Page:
Portfolio Positioning: Over the past year, I have been positioning my portfolio more conservatively with a greater emphasis on capital preservation and income generation. The cash allocation has increased to over 30%. A number of stock funds have been sold. Part of the proceeds from stocks have been funneled into bonds and preferred stocks. My allocation to regional banks has been pared, based on the directional down move in interest rates, while I have been adding to my equity REITs positions.
Business Development Corporations have been one of the most hated "bond-like" sectors over the past year or so. The discounts to net asset values for externally managed BDCs have expanded to historically high levels. Investors have soured on those BDCs, in part due to a parade of dividend cuts and a persistent decline in net asset values per share among many of them even with the economy growing. What happens when the next recession comes back? Will the destruction in net asset values per share likely accelerate when the inevitable downturn happens? The only rational answer to that question is "YES".
It is no secret among long time readers that I view externally managed BDCs with disdain. Nonetheless, I will play occasionally in that sandbox hoping to harvest their dividend payments and to escape with a profit on the shares. That has been a most difficult task over the past year.
I did successfully trade one of the best externally managed BDCs, Ares Capital (NASDAQ:ARCC). By "best", I am referring to the best of a bad bunch or the least rotten apple.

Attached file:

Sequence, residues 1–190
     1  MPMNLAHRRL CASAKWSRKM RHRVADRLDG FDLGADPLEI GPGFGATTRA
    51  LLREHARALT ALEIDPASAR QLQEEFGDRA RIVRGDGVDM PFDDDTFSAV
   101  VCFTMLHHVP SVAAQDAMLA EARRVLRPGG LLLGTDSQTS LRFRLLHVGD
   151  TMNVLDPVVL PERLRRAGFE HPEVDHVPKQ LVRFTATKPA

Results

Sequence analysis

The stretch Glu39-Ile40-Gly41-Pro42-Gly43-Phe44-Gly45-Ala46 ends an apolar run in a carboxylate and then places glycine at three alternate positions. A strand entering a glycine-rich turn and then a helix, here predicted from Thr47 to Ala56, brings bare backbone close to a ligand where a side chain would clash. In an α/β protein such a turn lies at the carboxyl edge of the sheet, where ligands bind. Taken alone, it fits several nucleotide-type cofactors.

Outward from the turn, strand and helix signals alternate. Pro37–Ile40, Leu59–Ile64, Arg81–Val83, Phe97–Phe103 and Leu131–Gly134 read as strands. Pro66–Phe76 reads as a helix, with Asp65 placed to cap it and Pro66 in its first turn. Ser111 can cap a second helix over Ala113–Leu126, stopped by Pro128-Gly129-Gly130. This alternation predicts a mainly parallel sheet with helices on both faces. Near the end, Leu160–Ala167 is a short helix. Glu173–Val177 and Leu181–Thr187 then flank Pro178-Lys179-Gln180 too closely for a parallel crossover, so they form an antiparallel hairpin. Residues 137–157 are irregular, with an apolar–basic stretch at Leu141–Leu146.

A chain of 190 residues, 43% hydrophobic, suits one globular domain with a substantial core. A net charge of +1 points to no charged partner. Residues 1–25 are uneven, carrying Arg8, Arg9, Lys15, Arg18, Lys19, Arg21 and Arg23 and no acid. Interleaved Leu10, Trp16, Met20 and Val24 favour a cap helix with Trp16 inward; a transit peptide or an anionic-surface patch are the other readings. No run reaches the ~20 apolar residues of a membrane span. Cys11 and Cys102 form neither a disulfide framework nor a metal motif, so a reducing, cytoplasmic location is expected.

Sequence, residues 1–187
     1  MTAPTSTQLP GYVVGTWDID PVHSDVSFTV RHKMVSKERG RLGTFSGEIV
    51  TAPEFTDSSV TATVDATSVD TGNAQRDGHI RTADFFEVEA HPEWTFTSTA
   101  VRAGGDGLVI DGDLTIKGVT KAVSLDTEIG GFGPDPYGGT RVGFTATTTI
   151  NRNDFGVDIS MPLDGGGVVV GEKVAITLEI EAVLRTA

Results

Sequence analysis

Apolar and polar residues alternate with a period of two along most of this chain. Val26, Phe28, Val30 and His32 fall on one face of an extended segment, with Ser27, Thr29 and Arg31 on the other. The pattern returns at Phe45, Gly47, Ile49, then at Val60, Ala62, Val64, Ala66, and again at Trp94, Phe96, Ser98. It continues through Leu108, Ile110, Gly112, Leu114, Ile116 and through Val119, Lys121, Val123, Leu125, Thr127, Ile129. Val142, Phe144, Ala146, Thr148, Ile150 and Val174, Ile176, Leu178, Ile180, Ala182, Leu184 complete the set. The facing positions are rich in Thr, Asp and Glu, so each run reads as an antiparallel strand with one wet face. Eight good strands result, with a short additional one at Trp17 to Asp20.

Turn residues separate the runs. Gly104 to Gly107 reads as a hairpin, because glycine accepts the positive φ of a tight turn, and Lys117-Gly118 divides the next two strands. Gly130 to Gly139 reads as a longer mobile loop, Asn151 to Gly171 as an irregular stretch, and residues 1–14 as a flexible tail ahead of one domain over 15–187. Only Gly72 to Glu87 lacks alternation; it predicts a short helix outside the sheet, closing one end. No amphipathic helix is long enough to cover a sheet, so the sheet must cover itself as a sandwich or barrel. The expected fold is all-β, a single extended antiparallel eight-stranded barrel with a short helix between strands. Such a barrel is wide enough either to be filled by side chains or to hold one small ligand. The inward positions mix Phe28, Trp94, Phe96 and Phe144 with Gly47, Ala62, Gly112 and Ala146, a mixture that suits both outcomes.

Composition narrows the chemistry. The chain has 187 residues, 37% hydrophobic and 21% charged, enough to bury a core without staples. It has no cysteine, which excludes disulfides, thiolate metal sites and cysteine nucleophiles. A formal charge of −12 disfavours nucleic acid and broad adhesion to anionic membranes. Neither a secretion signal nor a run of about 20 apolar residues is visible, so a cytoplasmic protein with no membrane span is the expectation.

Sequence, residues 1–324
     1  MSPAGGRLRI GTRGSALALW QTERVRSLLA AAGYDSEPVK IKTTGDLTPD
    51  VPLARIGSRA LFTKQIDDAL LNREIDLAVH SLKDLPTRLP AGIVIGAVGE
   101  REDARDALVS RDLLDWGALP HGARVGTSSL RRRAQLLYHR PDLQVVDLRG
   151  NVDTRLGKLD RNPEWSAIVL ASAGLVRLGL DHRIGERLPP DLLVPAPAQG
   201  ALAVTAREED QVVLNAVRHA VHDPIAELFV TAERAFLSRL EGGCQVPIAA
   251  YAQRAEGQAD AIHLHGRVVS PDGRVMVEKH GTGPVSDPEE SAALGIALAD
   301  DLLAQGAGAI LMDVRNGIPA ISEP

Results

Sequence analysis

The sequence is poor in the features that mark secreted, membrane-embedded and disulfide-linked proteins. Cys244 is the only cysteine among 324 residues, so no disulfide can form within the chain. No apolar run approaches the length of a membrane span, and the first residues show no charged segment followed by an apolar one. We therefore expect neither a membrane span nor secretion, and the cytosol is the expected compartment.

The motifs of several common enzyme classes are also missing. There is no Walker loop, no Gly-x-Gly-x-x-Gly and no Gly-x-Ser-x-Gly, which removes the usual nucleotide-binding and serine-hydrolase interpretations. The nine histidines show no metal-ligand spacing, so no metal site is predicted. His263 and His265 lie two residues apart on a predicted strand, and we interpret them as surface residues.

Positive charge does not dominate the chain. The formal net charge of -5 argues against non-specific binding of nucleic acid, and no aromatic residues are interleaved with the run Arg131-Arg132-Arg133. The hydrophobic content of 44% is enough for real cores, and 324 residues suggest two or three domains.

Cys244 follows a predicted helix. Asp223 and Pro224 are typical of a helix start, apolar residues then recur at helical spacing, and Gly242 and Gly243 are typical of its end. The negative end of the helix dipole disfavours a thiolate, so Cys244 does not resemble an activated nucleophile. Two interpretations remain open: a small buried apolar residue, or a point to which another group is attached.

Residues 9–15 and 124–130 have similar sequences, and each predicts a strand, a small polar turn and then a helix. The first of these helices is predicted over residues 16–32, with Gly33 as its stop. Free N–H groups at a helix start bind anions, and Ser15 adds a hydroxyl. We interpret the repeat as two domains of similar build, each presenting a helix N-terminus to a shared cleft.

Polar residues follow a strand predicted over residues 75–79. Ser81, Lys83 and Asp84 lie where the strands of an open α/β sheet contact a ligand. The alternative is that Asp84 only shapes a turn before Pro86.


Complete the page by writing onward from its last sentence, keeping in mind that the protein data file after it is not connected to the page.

Until recently, I had knocked down my miniscule BDC positions to 100 TCRD shares and close to 300 PSEC shares. Of that total, 242+ shares are owned in a taxable account with a total average cost per share of $8.76.
That is not bad looking at a long term PSEC chart which starts in September 2004:
My last purchase was on 4/27/15: Added 100 PSEC at $8.45
I had traded PSEC successfully over the years. I have to adjust the meaning of successfully when talking about BDCs. In BDC land, a successful investment is one that earns a total return in excess of the dividend yield. My last foray into PSEC turned me into an involuntary longer term investor.
I have been moving closer to break-even on the shares due to PSEC's recent price spurt and the reinvestment of dividends at lower than my total average cost per share number which lowers my average cost a tad with every monthly dividend payment.
I hope to escape at some point with a total return in excess of my dividends. Harvesting the dividend without losing money on the shares is my objective with BDCs.
1. Bought 50 ARCC at $14.8-Roth IRA:
All of the foregoing is leading up to this discussion. I recently bought 50 shares of the BDC ARCC in a Roth IRA account.
2014 Annual Report (risk discussion starts at page 29 and ends at page 53)